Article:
For somebody who grew up in the 90s it's easy to forget that computers are not the only things that can "compute". You can do equivalent processes with cellular automata or even DNA. More relevantly, you can also do it with smartphones, microwaves and electric watches; all of these things are Turing complete. And for a given task it's not ultimately relevant whether it was done on a "computer".
Working with Amazon has made me wonder; are computers the right way to think about computation? Come to think of it, even virtual computers come with a lot of baggage, like operating systems and task schedulers, that isn't relevant to whatever you're using the computer for. On some level what I really want is a computational *process*, and I really don't care whether it's being done with Windows or Linux, on one machine or several, or whether it's just some person with a very fast abacus.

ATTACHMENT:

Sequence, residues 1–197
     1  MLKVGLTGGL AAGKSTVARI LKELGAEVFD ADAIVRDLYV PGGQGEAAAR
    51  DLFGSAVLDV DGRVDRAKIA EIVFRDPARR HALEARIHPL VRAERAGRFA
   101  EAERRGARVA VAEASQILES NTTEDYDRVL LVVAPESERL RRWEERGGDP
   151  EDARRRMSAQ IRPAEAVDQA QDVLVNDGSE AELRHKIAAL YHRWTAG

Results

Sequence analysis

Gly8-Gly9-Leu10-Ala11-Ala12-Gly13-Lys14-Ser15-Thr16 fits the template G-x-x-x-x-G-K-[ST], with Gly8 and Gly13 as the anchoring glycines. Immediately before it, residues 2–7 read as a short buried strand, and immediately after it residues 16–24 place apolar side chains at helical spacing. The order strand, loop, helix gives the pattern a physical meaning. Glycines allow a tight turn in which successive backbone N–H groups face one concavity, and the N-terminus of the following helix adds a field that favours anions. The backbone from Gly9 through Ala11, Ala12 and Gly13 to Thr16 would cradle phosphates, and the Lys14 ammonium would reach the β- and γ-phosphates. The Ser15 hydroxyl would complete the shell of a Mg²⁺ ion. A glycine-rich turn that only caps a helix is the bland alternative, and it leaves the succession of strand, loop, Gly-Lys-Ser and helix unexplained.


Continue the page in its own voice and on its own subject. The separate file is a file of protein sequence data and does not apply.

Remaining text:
I suspect that Amazon's "workflows" are the first step toward a post-computer world. The workflows do still run on virtual computers, but even those are fast becoming vestigial organs. Tools like Microsoft's CLI already let us write programs without thinking about hardware, and the next step is to dispense with computers entirely, so that we just think about "processes" that happen out in the cloud. Of course the computers will still be there - the computation does have to run on *something* - but they will be absent from the programmer's mind.
And of course, like most new developments, this one will actually just be re-discovering something very old. Before the first transistor was ever made, mathematicians had already formalized what it meant to do "computation". Turing machines and lambda calculus both describe a completely abstract notation of computation, and maybe the future will bring us back full circle.